“This is an important time in the world’s history, it’s an important time in America’s history,” he added.
Taking a Bite
As part of Trump’s so-called maximum pressure campaign against Iran, renewed American sanctions have targeted the Islamic Republic’s financial and industrial sectors, more than halving the country’s daily oil exports to around 1 million barrels in the process.
The International Monetary Fund predicts Iran’s economy will shrink by about 6% this year—an abrupt reversal from the Islamic Republic’s 4.6% growth rate in the previous fiscal year.
Inflation is pegged at about 30%, and Iran’s budget deficit has widened to a record 62% shortfall in revenue.
In short, Tehran is running out of cash while inflation is accelerating. The nation’s economic tailspin is evident in nearby Iraqi Kurdistan.
The number of Iranians traveling to the autonomous Kurdish region in search of work has increased this year. Also apparent: a surge in the number of Iranian Kurds crossing the border into northern Iraq to join the ranks of a network of exiled Kurdish Iranian militias that have waged an on-again, off-again guerilla war against the Iranian government for decades.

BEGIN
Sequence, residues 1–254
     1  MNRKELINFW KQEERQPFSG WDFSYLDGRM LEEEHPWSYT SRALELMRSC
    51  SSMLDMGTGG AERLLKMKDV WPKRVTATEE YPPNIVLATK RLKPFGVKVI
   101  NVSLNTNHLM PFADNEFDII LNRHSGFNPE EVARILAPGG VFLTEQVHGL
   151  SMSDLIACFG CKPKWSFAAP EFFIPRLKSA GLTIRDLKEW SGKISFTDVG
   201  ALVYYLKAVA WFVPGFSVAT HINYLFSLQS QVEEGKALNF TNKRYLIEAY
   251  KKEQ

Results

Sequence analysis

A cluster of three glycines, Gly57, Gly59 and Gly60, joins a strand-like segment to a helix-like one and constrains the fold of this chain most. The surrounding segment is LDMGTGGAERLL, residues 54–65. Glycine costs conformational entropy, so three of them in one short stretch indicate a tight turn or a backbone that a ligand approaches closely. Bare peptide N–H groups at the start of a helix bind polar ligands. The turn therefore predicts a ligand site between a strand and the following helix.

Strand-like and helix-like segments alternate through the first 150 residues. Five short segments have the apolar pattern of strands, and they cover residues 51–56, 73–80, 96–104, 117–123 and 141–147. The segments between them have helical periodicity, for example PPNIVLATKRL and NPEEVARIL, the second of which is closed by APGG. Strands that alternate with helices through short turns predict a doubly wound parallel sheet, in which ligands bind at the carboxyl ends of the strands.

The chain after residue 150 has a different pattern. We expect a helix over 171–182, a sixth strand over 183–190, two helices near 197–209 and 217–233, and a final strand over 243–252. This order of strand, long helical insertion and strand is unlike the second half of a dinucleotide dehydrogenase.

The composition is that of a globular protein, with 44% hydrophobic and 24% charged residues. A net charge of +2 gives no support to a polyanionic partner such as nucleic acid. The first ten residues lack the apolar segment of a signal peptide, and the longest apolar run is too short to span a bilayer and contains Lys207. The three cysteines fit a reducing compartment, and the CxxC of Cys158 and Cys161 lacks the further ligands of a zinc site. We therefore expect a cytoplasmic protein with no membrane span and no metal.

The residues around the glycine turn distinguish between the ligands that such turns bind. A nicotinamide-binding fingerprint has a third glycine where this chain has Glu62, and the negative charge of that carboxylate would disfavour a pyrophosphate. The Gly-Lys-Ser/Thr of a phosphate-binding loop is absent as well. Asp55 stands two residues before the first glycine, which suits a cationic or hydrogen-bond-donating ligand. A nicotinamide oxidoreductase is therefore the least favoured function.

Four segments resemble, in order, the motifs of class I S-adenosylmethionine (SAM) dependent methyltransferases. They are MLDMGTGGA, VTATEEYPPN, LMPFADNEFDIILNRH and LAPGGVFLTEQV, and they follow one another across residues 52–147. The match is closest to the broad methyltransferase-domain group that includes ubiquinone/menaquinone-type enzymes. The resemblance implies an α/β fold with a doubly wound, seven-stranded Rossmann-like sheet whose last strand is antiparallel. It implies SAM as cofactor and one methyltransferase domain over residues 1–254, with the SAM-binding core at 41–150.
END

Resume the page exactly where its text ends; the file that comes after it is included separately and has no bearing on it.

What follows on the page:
“Most young people in Iran think that the sanctions will bring down the regime,” said Shaista Mohammed, 19, an Iranian Kurd who says she fled to Iraqi Kurdistan in 2018 to take up arms with an exiled Kurdish opposition group.
“The U.S. sanctions have helped our cause. If the people feel like they have the support of the U.S., there’s a very good chance of revolt,” Mohammed told this correspondent during a June interview in Iraq.
In a May 2018 speech at The Heritage Foundation, Pompeo outlined 12 concrete actions Iran needs to take for the U.S. to ease sanctions.
Pompeo’s demands spanned the gamut of Iran’s activities. He called on the regime to suspend its support for Lebanon-based Hezbollah; end its destabilizing activities in Iraq, Syria, and Yemen; release detained U.S. citizens; stop the proliferation of ballistic weapons; and abandon its nuclear weapons program.
“The length of the list is simply a scope of the malign behavior of Iran. We didn’t create the list, they did,” Pompeo said in the speech, adding: “Any new agreement will make sure Iran never acquires a nuclear weapon, and will deter the regime’s malign behavior in a way that the JCPOA [nuclear deal] never could.”
Absent from Pompeo’s 12 requirements was regime change—a point Trump echoed during a press conference at last month’s G-7 summit in France.
“We’re not looking for leadership change. We’re not looking for that kind of change. This country has been through that many times before. That doesn’t work,” Trump said, according to a readout of his remarks posted to the White House’s website.
However, Trump went on to offer a notably more succinct summation of America’s expectations from Iran than those previously enumerated by Pompeo.